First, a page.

Vice President Dick Cheney opened up for a nearly two hour interview with Bill Kristol, as part of the latest installment of Conversations With Bill Kristol:
The two discussed Cheney's time as secretary of defense, the Gulf War, the Nixon and Ford Years, the Reagan years, 9/11, and the threats we face today.
On the last point, Cheney surveyed the world -- particulary the Middle East -- and expressed concern about Iran getting nuclear weapons. If that happens, Cheney predicted, many other countries in the region would quickly acquire nuclear weapons, too.
"So we're in a very dangerous period and I think it's more threatening than the period before 9/11," Cheney predicted. "I think 9/11 will turn out to be not nearly as bad as the next mass casualty attack against the United States--which, if and when it comes, will be with something far deadlier than [with] airline tickets and box cutters."
Cheney defended the so-called enhanced interrogation techniques--specifically, waterboarding--used by the Bush administration to help save American lives, as well as the NSA program. He also talked about how congressional leaders, such as Nancy Pelosi, all privately signed off on the programs -- and implored the Bush administration not to bring it to Capitol Hill for discussion.
Kristol ended the conversation by thanking Cheney for his "model" public service.
Doug Kmiec has had an amazing political journey. Today a chaired professor at Pepperdine Law School, Kmiec has traveled nearly the full gamut of public life: He worked in the Office of Legal Counsel under both Ronald Reagan and George H. W. Bush and pursued an active career teaching law, at Notre Dame and Catholic University. He was thought, for a time, to be one of the leading lights in conservative Catholic legal circles.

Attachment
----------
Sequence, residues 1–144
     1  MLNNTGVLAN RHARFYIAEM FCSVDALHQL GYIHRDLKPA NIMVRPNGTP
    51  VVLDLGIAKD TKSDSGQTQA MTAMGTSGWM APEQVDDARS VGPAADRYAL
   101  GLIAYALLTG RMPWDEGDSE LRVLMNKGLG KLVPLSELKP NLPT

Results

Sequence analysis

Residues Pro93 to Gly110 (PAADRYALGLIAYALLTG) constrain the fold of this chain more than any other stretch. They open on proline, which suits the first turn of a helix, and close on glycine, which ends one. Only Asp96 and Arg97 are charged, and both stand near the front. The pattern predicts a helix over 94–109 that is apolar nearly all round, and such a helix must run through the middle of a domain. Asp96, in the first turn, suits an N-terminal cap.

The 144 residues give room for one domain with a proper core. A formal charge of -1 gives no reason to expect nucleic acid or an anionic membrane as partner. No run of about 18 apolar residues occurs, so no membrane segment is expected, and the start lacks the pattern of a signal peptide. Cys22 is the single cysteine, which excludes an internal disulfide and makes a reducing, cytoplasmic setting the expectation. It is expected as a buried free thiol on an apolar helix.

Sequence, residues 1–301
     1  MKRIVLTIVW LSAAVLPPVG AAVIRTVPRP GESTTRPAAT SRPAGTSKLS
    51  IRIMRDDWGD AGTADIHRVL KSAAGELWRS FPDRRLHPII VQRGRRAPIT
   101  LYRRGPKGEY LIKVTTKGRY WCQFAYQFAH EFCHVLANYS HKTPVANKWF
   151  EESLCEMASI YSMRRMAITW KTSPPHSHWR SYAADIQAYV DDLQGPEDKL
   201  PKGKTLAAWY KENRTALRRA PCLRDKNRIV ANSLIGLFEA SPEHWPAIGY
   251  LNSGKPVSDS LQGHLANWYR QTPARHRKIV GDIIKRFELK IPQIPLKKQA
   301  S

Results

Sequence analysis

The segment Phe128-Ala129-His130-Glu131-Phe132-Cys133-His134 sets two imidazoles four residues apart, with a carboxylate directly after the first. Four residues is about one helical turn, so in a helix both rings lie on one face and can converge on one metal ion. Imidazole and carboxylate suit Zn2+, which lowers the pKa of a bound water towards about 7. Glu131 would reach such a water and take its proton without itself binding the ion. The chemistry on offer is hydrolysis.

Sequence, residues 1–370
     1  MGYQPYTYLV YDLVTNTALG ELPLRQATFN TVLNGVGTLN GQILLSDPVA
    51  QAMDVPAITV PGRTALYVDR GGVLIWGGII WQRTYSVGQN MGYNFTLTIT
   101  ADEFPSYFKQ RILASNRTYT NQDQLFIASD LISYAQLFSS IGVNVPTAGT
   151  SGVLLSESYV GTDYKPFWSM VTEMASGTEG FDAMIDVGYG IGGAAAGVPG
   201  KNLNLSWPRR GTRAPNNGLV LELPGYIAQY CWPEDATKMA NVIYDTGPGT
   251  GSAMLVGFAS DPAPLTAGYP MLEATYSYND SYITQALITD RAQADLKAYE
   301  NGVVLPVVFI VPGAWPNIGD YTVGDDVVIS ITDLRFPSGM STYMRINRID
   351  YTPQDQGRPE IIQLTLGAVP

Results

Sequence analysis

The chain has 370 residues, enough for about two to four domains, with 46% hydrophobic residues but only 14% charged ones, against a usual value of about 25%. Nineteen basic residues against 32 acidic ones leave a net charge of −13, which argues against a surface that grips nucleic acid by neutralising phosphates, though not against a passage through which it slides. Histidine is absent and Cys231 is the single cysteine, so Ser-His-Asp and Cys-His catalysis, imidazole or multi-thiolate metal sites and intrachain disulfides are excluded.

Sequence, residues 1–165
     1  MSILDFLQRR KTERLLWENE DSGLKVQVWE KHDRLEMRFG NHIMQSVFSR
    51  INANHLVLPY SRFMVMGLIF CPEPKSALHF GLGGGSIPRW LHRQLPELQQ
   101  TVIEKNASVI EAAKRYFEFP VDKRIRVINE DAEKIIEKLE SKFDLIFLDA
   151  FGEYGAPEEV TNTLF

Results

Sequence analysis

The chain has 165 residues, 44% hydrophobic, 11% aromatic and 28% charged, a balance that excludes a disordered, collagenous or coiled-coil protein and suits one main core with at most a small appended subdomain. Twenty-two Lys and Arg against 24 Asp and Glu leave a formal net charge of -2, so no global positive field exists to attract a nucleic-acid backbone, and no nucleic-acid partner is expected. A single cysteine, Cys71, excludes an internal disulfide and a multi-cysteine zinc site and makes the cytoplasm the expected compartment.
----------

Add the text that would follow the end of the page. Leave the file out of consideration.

Vice President Joe Biden talked up the pool reporter covering him in China today to the vice president of China. According to the pool report, Biden told the Chinese VP that "he is a very important man. Seriously he is important."
As Mike Warren highlights, moderator Martha Raddatz apparently didn’t think Obamacare was important enough to make the cut as one of the nine topics she brought up during the vice presidential debate. Two other closely related topics that didn’t make her cut were federal spending and the national debt. Anyone who had been asleep for four years before waking up and tuning in would never have guessed that Obamacare, rampant federal spending, and unsustainable federal debt had given rise to the Tea Party and had propelled the GOP to gains of 63 House seats and 6 Senate seats in the 2010 elections.
White House records reveal that the moderator of last night's vice presidential debate, Martha Raddatz, visited Vice President Joe Biden at his official residence on March 26, 2012. Raddatz is an employee of ABC News.
During the vice presidential debate, Paul Ryan reiterated his opposition to abortion. Joe Biden explained that he’s personally opposed to abortion but doesn’t believe in protecting the unborn. President Obama has previously expressed his own position, which might best be described as not being opposed to abortion either personally or as a matter of policy (see the first 30 seconds of this clip):
You don’t win a nationally televised debate by being rude and obnoxious. You don’t win by interrupting your opponent time after time after time or by being a blowhard. You don’t win with facial expressions, especially smirks or fake laughs, or by pretending to be utterly exasperated with what your opponent is saying.
Joe Biden was aggressive, condescending, and shamelessly demagogic. Paul Ryan was earnest, youthful, and perhaps a bit over-scripted. The upshot was a vice presidential debate that was occasionally entertaining for partisans on both sides, but was mostly unenlightening. Ultimately, I suspect, it will prove inconsequential. It's hard to believe it will change any votes, or give either side momentum.